Scientists say a second wave of coronavirus over winter could be 'worse than first' with 120,000 UK deaths
A second wave of coronavirus over the winter period could result in 120,000 deaths in the UK, according to top scientists advising the government.
A report, commissioned by chief scientific adviser Sir Patrick Vallance, warns that a second wave could be more devastating than the initial wave which sent the UK into lockdown in March. The report warns that mitigation measures must be taken in order to offset the risk of a deadlier second wave.
Compiled by 37 scientists and academics, the research says that hospitals could potentially see 120,000 Covid-19 deaths between September 2020 and June 2021, coinciding with higher demand due to usual winter pressures, including flu.
The report acknowledges that there is a high degree of uncertainty about how the Covid-19 epidemic will evolve in the UK over the coming months, but sets out a "reasonable worst-case scenario" that would see the R rate rise to 1.7 from September.
The worst-case scenario doesn’t take into account the potentially positive effects of government intervention, or use of the drug dexamethasone in intensive care units, which has been shown to cut deaths.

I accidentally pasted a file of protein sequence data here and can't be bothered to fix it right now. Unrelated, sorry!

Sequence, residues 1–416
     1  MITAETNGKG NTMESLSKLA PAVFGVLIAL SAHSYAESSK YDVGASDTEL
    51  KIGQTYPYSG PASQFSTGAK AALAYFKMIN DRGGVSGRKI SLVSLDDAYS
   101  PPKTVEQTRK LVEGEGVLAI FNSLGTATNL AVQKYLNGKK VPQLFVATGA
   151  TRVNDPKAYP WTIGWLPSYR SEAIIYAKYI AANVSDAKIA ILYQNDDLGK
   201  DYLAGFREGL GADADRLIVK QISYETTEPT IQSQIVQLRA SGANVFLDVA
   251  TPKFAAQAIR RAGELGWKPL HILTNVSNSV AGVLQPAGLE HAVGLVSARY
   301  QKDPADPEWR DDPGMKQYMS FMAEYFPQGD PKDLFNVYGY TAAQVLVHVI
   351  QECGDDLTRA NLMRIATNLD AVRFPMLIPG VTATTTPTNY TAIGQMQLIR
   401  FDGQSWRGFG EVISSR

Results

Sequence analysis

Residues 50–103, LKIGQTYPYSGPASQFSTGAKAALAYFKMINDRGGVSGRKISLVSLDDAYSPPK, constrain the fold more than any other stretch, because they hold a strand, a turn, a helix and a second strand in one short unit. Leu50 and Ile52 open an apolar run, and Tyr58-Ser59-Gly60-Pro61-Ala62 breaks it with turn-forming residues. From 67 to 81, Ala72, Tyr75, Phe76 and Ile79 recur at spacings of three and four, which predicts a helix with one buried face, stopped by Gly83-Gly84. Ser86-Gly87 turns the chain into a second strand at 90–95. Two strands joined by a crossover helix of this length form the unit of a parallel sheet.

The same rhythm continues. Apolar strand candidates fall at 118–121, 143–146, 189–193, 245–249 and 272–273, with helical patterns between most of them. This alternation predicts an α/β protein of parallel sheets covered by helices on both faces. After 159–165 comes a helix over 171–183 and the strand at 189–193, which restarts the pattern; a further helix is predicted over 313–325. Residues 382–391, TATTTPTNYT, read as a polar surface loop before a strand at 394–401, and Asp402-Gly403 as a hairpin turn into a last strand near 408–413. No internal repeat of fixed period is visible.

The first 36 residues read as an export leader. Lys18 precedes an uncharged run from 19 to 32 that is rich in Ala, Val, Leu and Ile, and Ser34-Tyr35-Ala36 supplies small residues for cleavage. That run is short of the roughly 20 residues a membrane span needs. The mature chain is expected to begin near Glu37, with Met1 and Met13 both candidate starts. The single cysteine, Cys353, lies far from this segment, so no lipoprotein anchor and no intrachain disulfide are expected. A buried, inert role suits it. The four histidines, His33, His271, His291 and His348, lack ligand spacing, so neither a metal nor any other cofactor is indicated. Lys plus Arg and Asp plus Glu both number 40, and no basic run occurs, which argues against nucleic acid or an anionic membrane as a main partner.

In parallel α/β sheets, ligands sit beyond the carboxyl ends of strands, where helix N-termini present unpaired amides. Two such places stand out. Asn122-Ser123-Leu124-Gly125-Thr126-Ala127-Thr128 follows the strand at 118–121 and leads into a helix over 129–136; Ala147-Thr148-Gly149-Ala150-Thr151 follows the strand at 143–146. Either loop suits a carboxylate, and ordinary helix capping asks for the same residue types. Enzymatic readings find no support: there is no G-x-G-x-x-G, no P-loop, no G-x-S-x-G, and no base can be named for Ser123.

Not a prediction, but a possibility
Scientists involved in the study urged calm, underlining that this is “not a prediction, but it is a possibility”.
Professor Stephen Holgate, a Medical Research Council clinical professor of immunopharmacology, who led the study, said, "The modelling suggests that deaths could be higher with a new wave of Covid-19 this winter, but the risk of this happening could be reduced if we take action immediately.
"With relatively low numbers of Covid-19 cases at the moment, this is a critical window of opportunity to help us prepare for the worst that winter can throw at us."
The report recommends flu vaccinations for the vulnerable and medical staff as one action to be taken before winter sets in.
Professor Holgate also warned that NHS Test and Trace must be "upscaled in the winter", as more people will need to be tested, since winter illnesses can often have similar symptoms to Covid-19.
Less serious scenarios
The report also presented other potential scenarios.
According to the study, an R rate of 1.1 could lead to 1,300 hospital deaths between September and June, while an R of 1.5 could lead to 74,800 hospital deaths.
A government spokesman said, "The modelling in this report represents a worst-case scenario based on no government action, and makes clear this isn't a prediction.
"Thanks to the nation's collective efforts, the virus is being brought under control. However we remain vigilant and the Government will ensure the necessary resources are in place to avoid a second peak that would overwhelm our NHS.
"This includes extensive winter planning to protect the NHS and care sector, further expanding our large-scale testing capacity, contacting thousands through NHS Test and Trace, working intensively on new treatments, and delivering billions of items of PPE to protect our health and social care workers."